Thursday, August 31, 2017

Thoughts on using TFT for Modern/Sci Fi Settings

A Blog visitor named NaRong left an interesting comment in my post "TFT Products that Should Have Been: The World of the Silver Dragon", which was simply "Any other thoughts on modern or sci fi gaming with TFT would be great."

I originally started to tap out an answer, but it quickly mushroomed into a very lengthy dissertation, and realized it deserved its own blog post. So here ya go...

Up front it must be pointed out that there are a few articles in Interplay and Space Gamer that touch on this, and some variant rules posted online. Specifically:
  • There are at least two TFT variants for Traveller floating around - an older one by Ty Beard and a more recent "The Traveller Trip"
  • Ty Beard also created a "HiTek" rules variant that covered modern weapons
  • Both Space Gamer (No. 27) and Dragon (No. 41) magazines had articles with rules for Medieval and Early Modern firearms; not directly related to modern or sci-fi but worth knowing about.
  • Space Gamer No. 65 had an article "Superheroes in TFT" by Ronald Pehr that, in addition to the title subject, also included rules for modern weapons
  • Interplay No. 2 had an article by Fred Askew "TFT: Wild West" which has material for that period, to include firearms. Some technical errors but generally good.
  • Chad Brandt provided an article on Sci-Fi TFT in Interplay No. 4, "Martian Vanguard Class MRAV"
  • Finally, if you can find them, in the fanzine Fantasy Forum there were a few articles on TFT/Barsoom. I've never seen them, nor do I expect to - if you can get ahold of these articles I'd love to get copies!
The most important thing is to my mind is to make sure your combat system is somewhat accurate, so that the effects of modern weapons have a degree of verisimilitude. Not to the point of being an exact simulation, mind you, but at least capture to some extent why we don't see swords in modern combat, but did see such weapons in fairly regular (if secondary or tertiary) use up to the mid-19th century. One detail is modifying the weapons to have a "penetration stat" to reflect the degree that armor can be ignored by a bullet, similar to spider and scorpion bites in ITL. Another important detail is that the Dodge option probably is not going to be as effective against firearms (let alone beam weapons...) as it is against arrows, thrown spears, etc. since the latter travel slowly enough to be seen and, well, dodged. As a minimum I would suggest for the Dodge option to work against modern weapons the figure must be moving at minimum of 8 or even 10 MA - basically running - to be able to throw off an attacker's aim.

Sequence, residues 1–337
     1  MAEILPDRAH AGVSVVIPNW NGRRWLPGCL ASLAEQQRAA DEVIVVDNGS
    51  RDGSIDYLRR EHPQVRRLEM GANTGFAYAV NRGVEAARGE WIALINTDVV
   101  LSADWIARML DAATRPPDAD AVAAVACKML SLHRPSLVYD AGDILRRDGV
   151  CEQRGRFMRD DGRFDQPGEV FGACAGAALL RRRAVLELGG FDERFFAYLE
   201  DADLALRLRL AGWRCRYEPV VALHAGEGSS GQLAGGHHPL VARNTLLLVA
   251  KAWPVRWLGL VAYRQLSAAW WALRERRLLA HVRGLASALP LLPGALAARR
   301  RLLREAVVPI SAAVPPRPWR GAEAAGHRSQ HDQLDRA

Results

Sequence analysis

Another point is figuring out how magic (i.e. fantasy sorcery) and technology (i.e. "gadget sorcery") interact. I touched on this in my Mnoren post - a good example is how exactly does the Invisibility spell work? Does it only affect visible light, or does it affect all spectrums, to include say infra-red and thus defeating all NVA and FLIR type technology? Of course, seismic sensors would be able to detect an invisible figure. But what about the IQ 15 Unnoticeabilty spell? What are the limits of that? The spell makes sense as written versus figures in the immediate vicinity (i.e. that can directly see/hear) of a figure using the spell, but what about someone many yards (or even MILES) away in a remote security room, viewing a security camera feed? Are they affected by this spell, or would they have normal odds of spotting the spell user in the video? I would rule that such remote viewers would not be affected, but one could argue the other way. Though the spell wording leans somewhat towards my interpretation, it does not irrefutably prove my conclusion. Note that how one rules on this would impact remote viewing via Crystal Ball in exactly the same manner.

How about the IQ 9 Darkness spell. Can it turn off a flashlight? Probably, but what happens if you simply turn it back on? What about IQ 10 Shadow - will NVG/FLIR see into that, like Mage Sight? Probably, I expect.